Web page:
Monday, June 11, 2012

Local Mom Strikes, Film at 11

There is a union for Mom’s, right? Oh what was I thinking, of course there isn’t, but in our little corner of the universe I’m thinking of starting one. You know what it’s like. You’ve picked up a million little things throughout the day, listened to bickering between the children, heard the heavy breathing from the teen while eye’s roll at your apparent stupidity, and watched your husband shake his head in disbelief that you could be upset over such “a little thing.” I thought they had heard of the old saying “if Momma isn’t happy, nobody is happy.” 

I figured that in my role as wife and mother I’ve jumped through all the hoops one possibly can without being a side show at the circus. If something needed to be done, it was done, often leaving what I wanted to do to come last. Don’t get me wrong, it was my choice, but every now and then you want to know you’re appreciated.  Yet, for some reason no one in my family can seem to do what I ask without heavy breathing being involved. Now I myself like a certain variety of heavy breathing but this particular kind isn’t what I have in mind.

In the course of a regular day, along with the things I have to do; helping out the kids, doing laundry, cleaning the house, feeding the dog and the family and oh yeah, going to work, I figure I add on at least twenty to thirty little things to do. I remind my children to take their shoes off the staircase and put them up. I carry several days of clothes down to the hamper in the laundry room AFTER I’ve already done three loads of clothes, or take the wrappers from candy and chewy’s out of the living room and put them into the garbage. Every Mom out there knows what I’m talking about. I don’t want an immaculate house; I just want a house I can walk though without it looking like it’s heading for an episode of “Hoarders.”  I swear, if I didn’t pick up we’d be digging tunnels just to get to our rooms.

So a couple of days ago, I hit a wall. My hubby and I had butted heads over a simple task, and it seemed apparent to me that I was making much ado about nothing. The next day I got off of work early and was looking forward to spending time with my daughter. The “tude” that I got from her was enough to sink the Spanish Armada. Seems we differ on everything, very much like “The Taming of the Shrew.” I’ll say it’s the sun, and she will insist it’s the moon. What I hoped would be a small, sweet segment of time spent together, had knocked the wind out of me.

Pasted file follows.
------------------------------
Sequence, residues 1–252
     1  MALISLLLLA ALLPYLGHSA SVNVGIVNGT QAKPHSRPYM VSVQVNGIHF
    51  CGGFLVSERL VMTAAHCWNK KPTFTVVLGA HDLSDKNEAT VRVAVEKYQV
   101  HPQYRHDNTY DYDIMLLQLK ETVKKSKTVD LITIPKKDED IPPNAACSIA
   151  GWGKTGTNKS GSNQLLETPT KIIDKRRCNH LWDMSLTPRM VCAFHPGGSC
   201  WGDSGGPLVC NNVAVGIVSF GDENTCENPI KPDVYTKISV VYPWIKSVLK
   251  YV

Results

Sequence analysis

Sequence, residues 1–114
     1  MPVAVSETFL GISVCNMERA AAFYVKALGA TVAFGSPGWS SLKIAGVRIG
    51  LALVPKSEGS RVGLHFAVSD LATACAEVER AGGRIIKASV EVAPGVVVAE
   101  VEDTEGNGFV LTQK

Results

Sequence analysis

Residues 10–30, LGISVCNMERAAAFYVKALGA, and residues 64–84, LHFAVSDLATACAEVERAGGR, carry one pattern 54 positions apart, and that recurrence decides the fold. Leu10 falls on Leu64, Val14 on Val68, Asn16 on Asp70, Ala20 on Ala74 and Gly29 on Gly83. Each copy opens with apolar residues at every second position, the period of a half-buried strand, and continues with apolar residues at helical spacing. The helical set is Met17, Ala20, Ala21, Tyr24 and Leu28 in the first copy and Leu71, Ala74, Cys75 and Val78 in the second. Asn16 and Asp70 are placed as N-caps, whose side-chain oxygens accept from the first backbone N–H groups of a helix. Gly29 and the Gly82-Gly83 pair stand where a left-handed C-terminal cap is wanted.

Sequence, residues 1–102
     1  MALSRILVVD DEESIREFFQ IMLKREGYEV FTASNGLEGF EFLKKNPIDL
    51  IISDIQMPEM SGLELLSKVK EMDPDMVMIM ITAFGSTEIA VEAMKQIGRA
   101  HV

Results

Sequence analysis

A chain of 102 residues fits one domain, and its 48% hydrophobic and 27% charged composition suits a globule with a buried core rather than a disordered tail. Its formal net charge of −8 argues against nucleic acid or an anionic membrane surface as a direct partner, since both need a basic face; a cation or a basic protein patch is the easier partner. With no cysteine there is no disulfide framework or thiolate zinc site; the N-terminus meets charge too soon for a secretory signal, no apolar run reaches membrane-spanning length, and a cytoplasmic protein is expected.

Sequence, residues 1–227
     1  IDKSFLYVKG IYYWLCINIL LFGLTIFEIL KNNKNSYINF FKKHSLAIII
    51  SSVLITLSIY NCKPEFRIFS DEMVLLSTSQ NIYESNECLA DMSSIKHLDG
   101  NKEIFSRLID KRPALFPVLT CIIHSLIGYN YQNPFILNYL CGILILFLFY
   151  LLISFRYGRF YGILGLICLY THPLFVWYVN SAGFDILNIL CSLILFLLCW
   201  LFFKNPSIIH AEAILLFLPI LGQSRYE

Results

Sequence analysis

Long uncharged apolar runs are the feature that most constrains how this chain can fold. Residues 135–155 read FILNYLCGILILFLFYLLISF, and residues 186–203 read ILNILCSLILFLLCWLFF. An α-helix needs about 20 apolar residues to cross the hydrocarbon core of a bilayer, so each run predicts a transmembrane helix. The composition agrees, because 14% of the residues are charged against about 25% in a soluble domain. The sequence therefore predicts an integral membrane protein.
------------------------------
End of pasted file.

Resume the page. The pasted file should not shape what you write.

Then, in relaying what had happened to my husband, my son interrupted and yelled, “You have to play cars and trucks with me tonight.”  It all hit me entirely the wrong way. Everyone could tell me what to do, infer that what I wanted was not important, and show their attitudes without hint of apology. Yep, for this I get one day a year called “Mother’s Day” and an ulcer.

I dropped my basket, lost my head, went out on a limb, and when I walked in the door at home, I wrote my manifesto:

“For the past three months I’ve been working outside of the home, and contributing to our household and family as always. But, no more.

Until I am heard, and treated with a respect I feel I have earned, until the “little things” I ask for are done and remembered, until I can ask someone to do a task without eye rolling or asking multiple times, I am on strike.

This means I will not:
Do laundry,
Participate in family functions,
Run errands,
Go to the grocery store,
Plan outings,
Go to performances, games, etc.
Pick up or drop off anyone to school.

I’m tired of not being listened to, of not being heard, of being talked down to, and underappreciated.
I will do my own job where they pay me and appreciate ME for trying to do my best, which is all I ever expect from all of you.”

Luckily, for the family, they had gone out and I didn’t stick around to see what they would do when they got home and found no supper on the table. I went to the bookstore, then bought some blouses, grabbed a sandwich, and read until 9pm with my feet propped up at Starbucks. It was wonderful.

We’re on day four of the strike. I haven’t cleaned, cooked or run a single errand and I feel like a heel, but I’m soooooooo relaxed. They’re looking a little wide-eyed and my daughter hasn’t rolled her eyes once. My son asked me to “Please play cars and trucks,” and I might, but for now I’ll let it ride until my demands are met.   


  1. You go girl!!! I'm behind you all the way!

  2. Good for you, Mary! I hope the earth has now tilted back on its axis and Mama is happy (and respected and obeyed...)


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